|...Continued from page 7,
On another occasion, Kanazawa sensei sat on the floor with his legs
together, pointing upward at a forty five degree angle. His body was
also at a 45 degree angle to the floor and, at a ninety degree angle
to his legs, creating a 'V' shape, he asked any student to try to
push his legs or body down towards the floor. When a student came
up to him and tried, it looked as if he was pushing downward against
a solid object like a table or a wall. Another student was invited
up to help the first, and still no movement. Kanazawa sensei said
that he was able to channel the force of the push, down his body and
into the floor through his stomach, thus making the position that
he was sitting in even more stable.
On the last day, after the final class of the
course, I went along with around twenty five of the other students
to a pub nearby with Kanazawa sensei. Somehow and quite by chance,
I ended up sitting immediately to the left of Kanazawa sensei which,
as an eighteen year old, quite shy person, felt very awkward. During
the course of the evening, and after quite a few drinks, I started
to feel a bit more relaxed and, as everyone else had been asking
Kanazawa sensei so many questions about all kinds of things, I gathered
myself together, took another sip of beer and went to ask him a
question about karate. It's very strange as, at that very moment,
before I had the chance to say "Sensei", he turned to
face me, waiting for the question. How on Earth did he know that
I was going to say anything because it was very noisy, a typical
party atmosphere with lots of talking and laughter. When he turned
to face me, I was lost for words and took a gulp of beer. This kind
of thing happened about four times with the 'Master' facing the
opposite direction after having just listened or spoken to another
student and then, at the very moment I was about to say "Sensei"
he would turn to face me. Finally, I managed to ask him my question
which was about Yoko-Tobi-Geri (flying side thrust kick).
I believe you said earlier that Kanazawa sensei's work permit lasted
only for one year and would expire around March 1966. During that
year, how many gradings did you take under him?
I took three. The first from white belt to 7th Kyu as I've already
mentioned was in July 1965, then I graded to green belt 6th Kyu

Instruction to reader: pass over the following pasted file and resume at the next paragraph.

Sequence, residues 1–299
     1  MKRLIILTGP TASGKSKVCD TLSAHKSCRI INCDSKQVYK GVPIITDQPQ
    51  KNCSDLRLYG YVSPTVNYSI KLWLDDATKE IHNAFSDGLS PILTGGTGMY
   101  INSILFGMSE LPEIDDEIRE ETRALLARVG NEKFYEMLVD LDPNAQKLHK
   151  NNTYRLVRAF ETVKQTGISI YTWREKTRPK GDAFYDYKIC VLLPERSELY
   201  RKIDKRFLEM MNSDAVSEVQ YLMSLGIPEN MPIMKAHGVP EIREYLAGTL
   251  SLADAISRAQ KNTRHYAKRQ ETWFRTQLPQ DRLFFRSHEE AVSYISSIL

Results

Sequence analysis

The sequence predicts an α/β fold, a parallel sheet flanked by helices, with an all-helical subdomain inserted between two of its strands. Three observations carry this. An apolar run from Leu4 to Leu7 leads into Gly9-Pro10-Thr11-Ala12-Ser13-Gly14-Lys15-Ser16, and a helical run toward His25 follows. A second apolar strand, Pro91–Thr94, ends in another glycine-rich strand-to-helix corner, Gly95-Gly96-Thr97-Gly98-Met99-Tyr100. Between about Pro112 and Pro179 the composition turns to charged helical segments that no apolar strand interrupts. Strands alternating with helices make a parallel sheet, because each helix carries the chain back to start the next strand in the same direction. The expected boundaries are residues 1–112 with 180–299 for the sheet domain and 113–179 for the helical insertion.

on 8th November 1965 and on 23rd February 1966 I graded to 5th Kyu
What happened when Kanazawa sensei's work permit expired?
For his own reasons, Dr. Bell wasn't going to renew Kanazawa sensei's
contract with the BKF. This meant that Kanazawa sensei would not
be in a position to instruct us anymore. We were quite simply, devastated.
Whilst this was going on, I think Kanazawa sensei visited France
for some weeks and at the same time, some of the higher graded students
such as Eddie Whitcher, Mick Randall, Mick Peachey and so on, tried
to organise a work permit for Kanazawa sensei. It seemed that, if
this couldn't be achieved through the BKF, then it would have to
be arranged through a new organisation. A meeting was set up at
the Lyndhurst Hall dojo in which Dr. Bell, several BKF members from
Liverpool and most of the members from the Lyndhurst Hall dojo in
London attended. I never liked meetings and am not sure whether
I was at this one. If I was, I have to admit that I recall very
little of it. However, I distinctly remember, being at another meeting
which was held just a few days later with most of the members of
the Lyndhurst Hall dojo. Dr. Bell was not at this meeting. This
took place after we had trained and all gathered at the Admiral
Napier pub. Those present were Eddie Whitcher, Ray Fuller, Robert
Williams, Mick Randall, Mike Peachey, Pauline Laville (now Pauline
Bhindra), Chris Adamou, myself and many other students who's names
I've forgotten. After much deliberating to find a suitable name
which would encompass what the new organisation would represent,
Eddie Whitcher came up with; 'Karate Union of Great Britain' (KUGB).
When Kanazawa sensei returned, he became the chief
instructor of the KUGB in the south of England with Enoeda sensei
in Liverpool and the north. It was around this time that my brother,
Chris Adamou founded the Blackfriars dojo and I put up the first
month's rent for the new venue which was to become the honbu dojo
(Headquarters) of the KUGB in the south of England.
Was the honbu dojo at Blackfriars the only KUGB dojo in the south
Yes, but in a very short space of time, other clubs soon opened
up with Kanazawa sensei as the chief instructor of these. As a purple
belt, I was given the task of promoting the KUGB clubs that started
up in and around London.